6. Janelle Monàe, ”Dance Apocalyptic” — ”Dance Apocalyptic” is a frenetic jam from Monàe’s audacious The Electric Lady and it should have been a monster hit. It’s a pastiche of old-school ’60s R&B with a modern twist, reminiscent of Outkast’s ”Hey Ya.” It’s fun and funky, brimming with energy and Janelle Monàe’s particular unique charm. She’s gifted at taking old-school influences and modern sounds and making them work together in a way that’s exciting and innovative.

7. James Blake, ”Retrograde” — James Blake’s delicate, Jeff Buckley-like vocal on ”Retrograde” floats over layers of gentle electronics with a melody that will break your heart, and lyrics that convey a fragile vulnerability. ”Retrograde” was the first single and one of many pieces of sheer beauty from Blake’s superb album Overgrown.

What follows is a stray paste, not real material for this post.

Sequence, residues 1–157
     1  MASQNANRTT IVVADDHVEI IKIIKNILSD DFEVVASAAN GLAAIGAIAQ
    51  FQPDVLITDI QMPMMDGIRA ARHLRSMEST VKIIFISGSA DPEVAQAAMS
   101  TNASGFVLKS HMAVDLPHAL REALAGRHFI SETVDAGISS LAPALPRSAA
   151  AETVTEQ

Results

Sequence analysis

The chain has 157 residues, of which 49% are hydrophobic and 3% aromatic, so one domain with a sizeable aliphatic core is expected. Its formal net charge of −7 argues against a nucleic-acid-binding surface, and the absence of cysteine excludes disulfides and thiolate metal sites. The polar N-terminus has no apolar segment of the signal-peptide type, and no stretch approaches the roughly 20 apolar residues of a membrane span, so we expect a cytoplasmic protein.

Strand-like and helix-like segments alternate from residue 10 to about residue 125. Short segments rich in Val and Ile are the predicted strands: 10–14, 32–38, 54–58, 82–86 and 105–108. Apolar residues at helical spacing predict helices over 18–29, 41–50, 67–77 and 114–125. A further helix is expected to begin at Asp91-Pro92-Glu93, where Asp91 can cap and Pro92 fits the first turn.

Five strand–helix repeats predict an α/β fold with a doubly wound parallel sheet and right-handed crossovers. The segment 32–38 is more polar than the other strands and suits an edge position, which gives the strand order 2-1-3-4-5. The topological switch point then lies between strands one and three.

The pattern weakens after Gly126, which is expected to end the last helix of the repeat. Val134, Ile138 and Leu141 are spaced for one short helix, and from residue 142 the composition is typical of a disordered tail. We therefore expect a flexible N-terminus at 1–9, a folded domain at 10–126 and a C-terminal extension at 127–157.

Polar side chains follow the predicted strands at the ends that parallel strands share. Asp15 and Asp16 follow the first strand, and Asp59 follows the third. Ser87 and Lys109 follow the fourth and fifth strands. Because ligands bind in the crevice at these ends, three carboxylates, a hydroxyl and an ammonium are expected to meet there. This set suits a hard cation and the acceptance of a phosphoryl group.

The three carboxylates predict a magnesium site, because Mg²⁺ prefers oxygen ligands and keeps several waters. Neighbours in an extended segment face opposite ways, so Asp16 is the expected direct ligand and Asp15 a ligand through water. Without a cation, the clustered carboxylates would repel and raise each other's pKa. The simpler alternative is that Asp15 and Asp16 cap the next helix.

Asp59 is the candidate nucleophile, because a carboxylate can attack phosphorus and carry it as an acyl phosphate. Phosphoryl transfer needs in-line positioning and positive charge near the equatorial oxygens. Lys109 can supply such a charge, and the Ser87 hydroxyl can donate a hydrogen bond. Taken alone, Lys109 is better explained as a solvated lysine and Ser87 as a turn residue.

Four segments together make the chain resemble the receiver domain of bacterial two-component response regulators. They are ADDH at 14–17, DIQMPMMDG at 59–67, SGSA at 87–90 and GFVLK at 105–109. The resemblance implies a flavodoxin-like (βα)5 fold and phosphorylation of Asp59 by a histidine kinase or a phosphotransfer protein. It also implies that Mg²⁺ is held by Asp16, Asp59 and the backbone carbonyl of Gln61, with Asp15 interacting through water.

8. Daft Punk feat. Pharrell Williams, ”Get Lucky” — The jam of the year. From their acclaimed Random Access Memories, Daft Punk’s mix of old-school funk and R&B, co-written by legendary Chic bassist and famed producer Nile Rodgers, ”Get Lucky” was a dance-floor and radio favorite all year. It’s irresistibly catchy, cleverly written, and most of all sexy as hell.

9. Kanye West, ”Black Skinhead” — Say what you want about Kanye West, the man is a wizard in the studio. Listen to ”Black Skinhead,” or anything from his 2013 album ”Yeezus,” and marvel at the sounds this man is able to create. His urgent, rapid-fire delivery over a propulsive beat and thundering bass is spot-on. ”Black Skinhead” is one of the definite high points on Yeezus, a dark and abrasive album that can be a difficult listen at times.